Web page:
• OK, time to move on. I continue to assert that Fidel was not the first to speak out on this subject, not even on the floor of the UN Assembly. Quite a few Presidents endorsed the establishment of the IPCC four years before Fidel drones on about it in 1992.

  • Moses, sit down please; I don’t want you falling over with emotion here: I admit I oversold my point on the size of the coral reefs in Cuba, you were right and the Meso American is the largest but the Cuban is the clean one, pristine in fact for lack of pollution and overfishing which was the point of the argument.
    No, you do not pull semantics or interpretive meaning to try to trip me up, one old man to another. You “jumped the gun” when you said my misstatements had been exposed. Nowhere did I limit pollution to the territorial confines of the USA in my initial statement but to the USA, and that’s in fact what it is; no USA money, no chemical plant in Paraguay.
    This was my original statement 6 days ago: “Also, your country may not be territorially the #1 polluter in quantity, but all emissions from the USA Capitalist Ventures around the world, such as Union Carbide of Bhopal fame, plus those emissions from the territorial USA combined top the charts.” It is there to make perfectly clear what I mean when I say the USA is the world’s # 1 polluter, which is correct.

    “Take the lead” can be interpreted in a literal (yours) or a figurative
    manner (mine) quite correctly. Yours assumes that “take the lead”
    means “take away from” as in “The #3 horse took the lead in final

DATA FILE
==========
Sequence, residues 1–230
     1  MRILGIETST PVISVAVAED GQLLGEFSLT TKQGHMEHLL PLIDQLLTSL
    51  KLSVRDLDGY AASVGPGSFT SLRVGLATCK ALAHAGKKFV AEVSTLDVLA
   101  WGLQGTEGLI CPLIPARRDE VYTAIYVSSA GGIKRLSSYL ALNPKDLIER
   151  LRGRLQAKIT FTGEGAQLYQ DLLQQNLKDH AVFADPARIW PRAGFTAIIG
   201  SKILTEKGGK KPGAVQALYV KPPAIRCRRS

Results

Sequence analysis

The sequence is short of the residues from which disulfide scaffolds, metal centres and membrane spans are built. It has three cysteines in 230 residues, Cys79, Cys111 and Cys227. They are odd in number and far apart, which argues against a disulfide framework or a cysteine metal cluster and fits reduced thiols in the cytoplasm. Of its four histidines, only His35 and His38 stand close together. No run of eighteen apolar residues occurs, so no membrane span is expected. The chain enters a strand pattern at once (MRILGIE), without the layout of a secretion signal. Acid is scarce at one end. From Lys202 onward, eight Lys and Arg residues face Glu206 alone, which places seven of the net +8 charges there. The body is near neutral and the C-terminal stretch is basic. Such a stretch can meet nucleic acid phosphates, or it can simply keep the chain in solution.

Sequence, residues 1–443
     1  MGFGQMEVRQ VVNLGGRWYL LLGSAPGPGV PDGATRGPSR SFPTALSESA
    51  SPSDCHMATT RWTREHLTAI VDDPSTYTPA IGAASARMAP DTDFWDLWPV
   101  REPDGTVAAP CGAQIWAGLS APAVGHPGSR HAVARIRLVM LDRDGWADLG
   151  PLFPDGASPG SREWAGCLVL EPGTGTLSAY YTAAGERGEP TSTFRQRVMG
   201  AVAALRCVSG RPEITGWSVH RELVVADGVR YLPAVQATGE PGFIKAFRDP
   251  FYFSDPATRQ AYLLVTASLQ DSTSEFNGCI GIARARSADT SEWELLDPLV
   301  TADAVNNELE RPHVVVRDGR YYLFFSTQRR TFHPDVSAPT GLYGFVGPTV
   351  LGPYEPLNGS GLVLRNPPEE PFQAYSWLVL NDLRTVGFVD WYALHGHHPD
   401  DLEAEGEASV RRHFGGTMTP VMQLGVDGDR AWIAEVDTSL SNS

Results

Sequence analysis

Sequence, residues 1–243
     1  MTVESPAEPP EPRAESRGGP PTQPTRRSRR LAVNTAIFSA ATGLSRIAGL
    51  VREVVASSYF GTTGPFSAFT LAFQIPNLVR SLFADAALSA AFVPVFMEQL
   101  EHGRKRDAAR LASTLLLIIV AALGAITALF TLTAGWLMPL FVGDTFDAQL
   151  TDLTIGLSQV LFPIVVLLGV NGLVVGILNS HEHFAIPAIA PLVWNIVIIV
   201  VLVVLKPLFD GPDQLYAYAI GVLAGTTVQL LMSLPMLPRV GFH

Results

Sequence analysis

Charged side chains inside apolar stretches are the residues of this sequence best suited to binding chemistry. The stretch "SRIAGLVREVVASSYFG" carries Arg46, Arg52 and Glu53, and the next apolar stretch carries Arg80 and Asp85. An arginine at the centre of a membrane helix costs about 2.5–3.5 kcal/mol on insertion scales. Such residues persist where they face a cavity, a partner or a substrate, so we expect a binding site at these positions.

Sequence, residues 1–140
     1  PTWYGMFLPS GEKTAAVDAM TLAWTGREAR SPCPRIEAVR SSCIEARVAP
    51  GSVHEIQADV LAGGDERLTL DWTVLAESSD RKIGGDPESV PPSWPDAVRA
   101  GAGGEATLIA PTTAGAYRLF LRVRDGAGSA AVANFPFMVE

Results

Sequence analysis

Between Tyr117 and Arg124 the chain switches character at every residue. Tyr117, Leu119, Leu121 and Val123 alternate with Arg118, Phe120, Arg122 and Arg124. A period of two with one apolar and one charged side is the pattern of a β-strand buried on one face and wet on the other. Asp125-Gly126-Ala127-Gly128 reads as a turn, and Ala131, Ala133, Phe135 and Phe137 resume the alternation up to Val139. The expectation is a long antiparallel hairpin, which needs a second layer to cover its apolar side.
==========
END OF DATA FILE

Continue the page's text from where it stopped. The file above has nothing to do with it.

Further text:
sprint.”, here a former leader is implied.
    But mine puts no such restrictions on “take the lead” as in “the #3 horse took the lead right away”. Here the meaning is simply to be the first. No other “World Leader” before Fidel stood up in front of the whole UN Assembly and spoke up for the environment, no misstatement here either.
    In Summary: I made one half of a misstatement on the length of Cuban Reef System and give you credit for correcting the size but nothing on the issue of the cleanest condition which is the very point I was making about the lack of pollution in Cuba. Everything else I said has been upheld against your High School debating society twists, turns, maneuvers, strategies, tactics, embellishments and all.
    Have a good day!

  • First Paragraph: The late British Prime Minister Disraeli once said when presented by an opposition member of Parliament with a long list of raw statistical figures, such as yours:

    “There are Lies, then there are Damned Lies, and then there are Statistics”.
    Did you know that 100% of all Heroin addicts started on Mother’s milk or formula?

    96% of Cuban energy derived from Non-renewable resources (coal, oil, gas) amounts to very, very, very little in comparison to the 88% in the USA; furthermore the reason Cuba does not have access or is able to afford the latest technology in energy production from renewable sources such as wind, solar and tidal, is the poverty and the restrictions on trade imposed by the Blockade.

    Cuba built a comprehensive system of 80 mini dams/reservoirs around the Island in the1980’s, it provided hydro-power, water and fish to many communities in the interior but it was unable to be maintained properly after the demise of the Soviets. The drying trend of the climate and continuous episodes of drought in the last 20 years has severely affected their power output. Cuba also has a solar power program for remote and isolated communities, which was run by a good friend until 6/7 years ago.
    Second Paragraph: “Given a change, most Cubans…” is the absolutely dumbest truism I have heard in a long time! How about every single person in the whole wide world would love to have a car, except those for which there are no roads and those privileged few that live in Developed Countries and have first-class public transportation systems available and an environmental consciousness. But the truth is most people in the Third World, Cuba included, cannot afford a car or its maintenance whatever changes occur in Cuba’s economy in the next 20-30 years are not going to change that fact. There will never be the incredible car per capita ratio of the USA nor the total output of car emissions of the whole Cuban car fleet when compared to the USA’s, there is just no comparison.